Preheat oven to 375 degrees.

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In your first bowl add 1/2 cup of flour.  This is the key to good, crisp chicken.  Dredge the chicken in flour thoroughly first.

In the second bowl break a large egg and beat with a fork.  Dip the flour covered chicken pieces in egg.

In the third bowl combine 1/2 cup flour, 1/2 cup of cornmeal, 2 teaspoons of taco seasoning, 1 teaspoons of lime salt (or regular sea salt), 1/2 teaspoon of lemon pepper.  Chicken makes its last stop in this bowl.  Completely cover with flour/seasoning mixture and place pieces in a cast iron pan or baking dish.

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Bake for one hour.

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Corn and a crisp salad with chipotle ranch would be delicious with this.  ¡Buen provecho!

Now where’s Mama’s margarita?

 

How to Put Out a Kitchen Fire

I have set the stove on fire more times than I would like to admit.  It’s been a long time but I know my son would laugh at this statement because I am sure he remembers me as a young mom who kept my secret weapon by the stove to put the fire out.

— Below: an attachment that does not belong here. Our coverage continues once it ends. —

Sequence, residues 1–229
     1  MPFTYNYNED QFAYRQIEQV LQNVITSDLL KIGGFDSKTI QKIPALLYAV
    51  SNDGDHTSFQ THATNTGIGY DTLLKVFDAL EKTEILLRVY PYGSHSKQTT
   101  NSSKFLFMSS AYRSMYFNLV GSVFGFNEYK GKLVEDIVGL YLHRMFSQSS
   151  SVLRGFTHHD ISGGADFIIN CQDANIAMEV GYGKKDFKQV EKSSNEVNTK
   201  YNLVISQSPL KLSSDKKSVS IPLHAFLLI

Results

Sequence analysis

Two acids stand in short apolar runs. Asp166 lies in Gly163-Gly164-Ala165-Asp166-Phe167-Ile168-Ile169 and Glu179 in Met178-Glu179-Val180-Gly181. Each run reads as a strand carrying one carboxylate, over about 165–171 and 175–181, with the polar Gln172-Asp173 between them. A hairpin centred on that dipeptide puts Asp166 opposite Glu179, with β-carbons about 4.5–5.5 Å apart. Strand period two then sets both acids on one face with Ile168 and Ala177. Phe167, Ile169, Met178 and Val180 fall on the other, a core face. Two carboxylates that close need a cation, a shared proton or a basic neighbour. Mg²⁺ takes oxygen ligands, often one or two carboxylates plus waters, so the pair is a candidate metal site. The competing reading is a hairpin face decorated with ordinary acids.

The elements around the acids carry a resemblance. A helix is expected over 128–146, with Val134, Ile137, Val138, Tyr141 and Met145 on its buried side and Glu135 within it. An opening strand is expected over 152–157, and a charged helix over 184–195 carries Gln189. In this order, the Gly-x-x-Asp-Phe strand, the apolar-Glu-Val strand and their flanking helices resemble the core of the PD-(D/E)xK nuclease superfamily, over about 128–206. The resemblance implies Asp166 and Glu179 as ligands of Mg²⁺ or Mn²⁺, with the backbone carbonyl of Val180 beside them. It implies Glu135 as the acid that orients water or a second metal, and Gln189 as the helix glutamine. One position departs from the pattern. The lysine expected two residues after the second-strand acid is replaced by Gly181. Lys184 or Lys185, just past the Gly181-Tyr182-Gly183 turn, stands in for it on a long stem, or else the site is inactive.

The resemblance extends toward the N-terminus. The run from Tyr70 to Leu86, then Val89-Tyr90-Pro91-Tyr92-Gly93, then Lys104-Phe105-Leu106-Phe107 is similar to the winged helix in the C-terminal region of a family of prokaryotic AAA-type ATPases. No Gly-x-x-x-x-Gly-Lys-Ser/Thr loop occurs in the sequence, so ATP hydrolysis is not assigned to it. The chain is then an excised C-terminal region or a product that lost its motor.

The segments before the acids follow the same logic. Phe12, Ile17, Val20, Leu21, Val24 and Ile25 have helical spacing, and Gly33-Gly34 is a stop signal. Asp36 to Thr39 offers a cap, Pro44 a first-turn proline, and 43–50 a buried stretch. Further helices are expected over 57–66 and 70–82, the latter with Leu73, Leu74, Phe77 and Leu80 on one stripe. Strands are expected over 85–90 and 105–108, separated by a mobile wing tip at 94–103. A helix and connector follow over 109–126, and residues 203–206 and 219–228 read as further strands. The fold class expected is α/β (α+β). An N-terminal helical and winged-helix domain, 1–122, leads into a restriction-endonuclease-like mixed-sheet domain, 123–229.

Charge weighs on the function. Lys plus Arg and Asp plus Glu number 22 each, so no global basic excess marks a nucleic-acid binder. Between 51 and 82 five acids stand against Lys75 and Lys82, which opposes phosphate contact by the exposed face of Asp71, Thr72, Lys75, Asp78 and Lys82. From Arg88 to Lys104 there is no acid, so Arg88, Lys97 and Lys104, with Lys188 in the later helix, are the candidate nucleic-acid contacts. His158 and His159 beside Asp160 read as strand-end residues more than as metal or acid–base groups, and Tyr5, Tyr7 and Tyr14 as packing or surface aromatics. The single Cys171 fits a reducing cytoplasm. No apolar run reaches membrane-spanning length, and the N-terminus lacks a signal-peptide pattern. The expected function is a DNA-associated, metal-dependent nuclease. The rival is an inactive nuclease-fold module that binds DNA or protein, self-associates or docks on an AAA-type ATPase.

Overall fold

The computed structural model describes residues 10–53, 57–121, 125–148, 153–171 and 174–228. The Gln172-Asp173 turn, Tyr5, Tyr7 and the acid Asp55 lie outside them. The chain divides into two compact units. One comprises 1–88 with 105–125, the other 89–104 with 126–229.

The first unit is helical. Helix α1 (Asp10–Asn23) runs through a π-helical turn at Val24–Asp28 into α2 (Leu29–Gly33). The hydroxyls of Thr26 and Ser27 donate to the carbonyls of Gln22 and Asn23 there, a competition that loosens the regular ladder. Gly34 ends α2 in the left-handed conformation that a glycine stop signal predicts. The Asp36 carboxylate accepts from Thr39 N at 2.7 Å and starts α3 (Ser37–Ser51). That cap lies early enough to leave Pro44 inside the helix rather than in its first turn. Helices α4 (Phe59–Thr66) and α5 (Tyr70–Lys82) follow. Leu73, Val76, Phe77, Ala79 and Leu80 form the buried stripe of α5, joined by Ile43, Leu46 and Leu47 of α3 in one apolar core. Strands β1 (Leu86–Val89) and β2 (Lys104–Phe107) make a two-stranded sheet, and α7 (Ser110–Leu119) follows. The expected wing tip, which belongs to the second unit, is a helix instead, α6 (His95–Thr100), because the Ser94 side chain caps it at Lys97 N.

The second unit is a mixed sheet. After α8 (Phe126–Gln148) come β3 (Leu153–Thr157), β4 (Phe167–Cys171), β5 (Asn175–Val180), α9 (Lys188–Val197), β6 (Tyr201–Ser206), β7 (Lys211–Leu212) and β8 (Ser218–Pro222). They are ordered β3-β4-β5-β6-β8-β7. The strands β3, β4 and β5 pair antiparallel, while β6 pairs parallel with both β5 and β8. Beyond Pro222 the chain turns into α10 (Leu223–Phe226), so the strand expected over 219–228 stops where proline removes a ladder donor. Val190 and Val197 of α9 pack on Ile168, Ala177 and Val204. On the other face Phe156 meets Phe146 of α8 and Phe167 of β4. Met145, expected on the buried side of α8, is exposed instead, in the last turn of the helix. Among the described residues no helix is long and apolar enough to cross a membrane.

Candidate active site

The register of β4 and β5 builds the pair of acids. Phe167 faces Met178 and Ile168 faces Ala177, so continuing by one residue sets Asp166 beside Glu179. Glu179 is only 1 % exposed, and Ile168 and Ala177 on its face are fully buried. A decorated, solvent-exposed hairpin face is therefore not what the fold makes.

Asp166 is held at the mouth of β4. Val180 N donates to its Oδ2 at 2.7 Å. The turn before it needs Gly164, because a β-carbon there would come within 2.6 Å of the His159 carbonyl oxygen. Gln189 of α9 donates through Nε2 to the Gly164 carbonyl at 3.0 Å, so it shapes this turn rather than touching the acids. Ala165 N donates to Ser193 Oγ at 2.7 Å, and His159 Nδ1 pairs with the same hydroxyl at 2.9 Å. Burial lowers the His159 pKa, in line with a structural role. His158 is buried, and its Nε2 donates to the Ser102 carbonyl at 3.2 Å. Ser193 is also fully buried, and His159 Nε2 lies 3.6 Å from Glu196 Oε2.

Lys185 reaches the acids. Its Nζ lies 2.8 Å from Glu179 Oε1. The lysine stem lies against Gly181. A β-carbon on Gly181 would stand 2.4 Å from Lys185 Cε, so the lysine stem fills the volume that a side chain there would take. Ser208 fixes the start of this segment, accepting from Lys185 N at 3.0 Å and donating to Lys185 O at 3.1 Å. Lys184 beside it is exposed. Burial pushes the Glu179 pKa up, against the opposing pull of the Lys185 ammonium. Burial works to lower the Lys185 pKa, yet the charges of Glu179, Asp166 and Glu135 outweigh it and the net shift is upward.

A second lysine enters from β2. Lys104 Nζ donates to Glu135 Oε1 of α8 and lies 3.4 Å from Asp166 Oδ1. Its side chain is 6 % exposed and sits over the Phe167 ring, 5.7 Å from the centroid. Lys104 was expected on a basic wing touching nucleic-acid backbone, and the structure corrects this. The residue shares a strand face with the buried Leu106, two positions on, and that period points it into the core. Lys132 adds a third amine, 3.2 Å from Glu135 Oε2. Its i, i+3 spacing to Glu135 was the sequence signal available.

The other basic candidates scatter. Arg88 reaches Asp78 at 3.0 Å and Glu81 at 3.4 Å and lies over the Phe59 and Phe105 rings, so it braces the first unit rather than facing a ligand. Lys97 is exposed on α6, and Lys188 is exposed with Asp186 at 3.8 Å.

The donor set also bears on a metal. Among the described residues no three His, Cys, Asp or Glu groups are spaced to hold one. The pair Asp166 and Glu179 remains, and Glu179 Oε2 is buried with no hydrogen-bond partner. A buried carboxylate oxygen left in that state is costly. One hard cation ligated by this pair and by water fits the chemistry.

bake soda

Sunday we were at family dinner at Maryjane’s other grandparents’ house sitting around laughing and enjoying good conversation as we waited for the pot pies to finish baking.  Their juices bubbling up over the crust, the smell of home cooking wafting through the air.  Until smoke started rising from the burners.  Susan opened the oven door and said calmly, “The oven is on fire!”

“Do you have baking soda?” I asked.  Frazzled, she said yes but it was in the refrigerator in the garage.  Someone said there was a fire extinguisher.  I said, “Don’t use the fire extinguisher!  The food will all be ruined.”  They continued opening the oven door to see the fire and closing it and beginning to panic.  I ran to the garage, grabbed the box of baking soda from the fridge and in two sprinkles the fire was out.  The food was unharmed, the bottom of the oven can be swept out, and their house is still in tact.  I do love baking soda.  A wonderful family dinner ensued.

baking soda

Other uses for baking soda:

Use as toothpaste.  It whitens and cleans teeth.

Place 1/2 a cup in a bath to detoxify skin and get chlorine out after swimming.  It also softens skin.

Use as a scrubbing cleanser on sinks and bathtubs.  It whitens and cleans without scratching.

Clear a drain with baking soda and vinegar.  Pour baking soda down drain then top with vinegar till fizzy. Leave overnight.  Pour a kettle of boiling water down drain.

Odor control in refrigerator.

Sprinkle a little in the cat box for odor control.

Bake with it, of course.

And put out fires!  Baking soda is a homesteading necessity!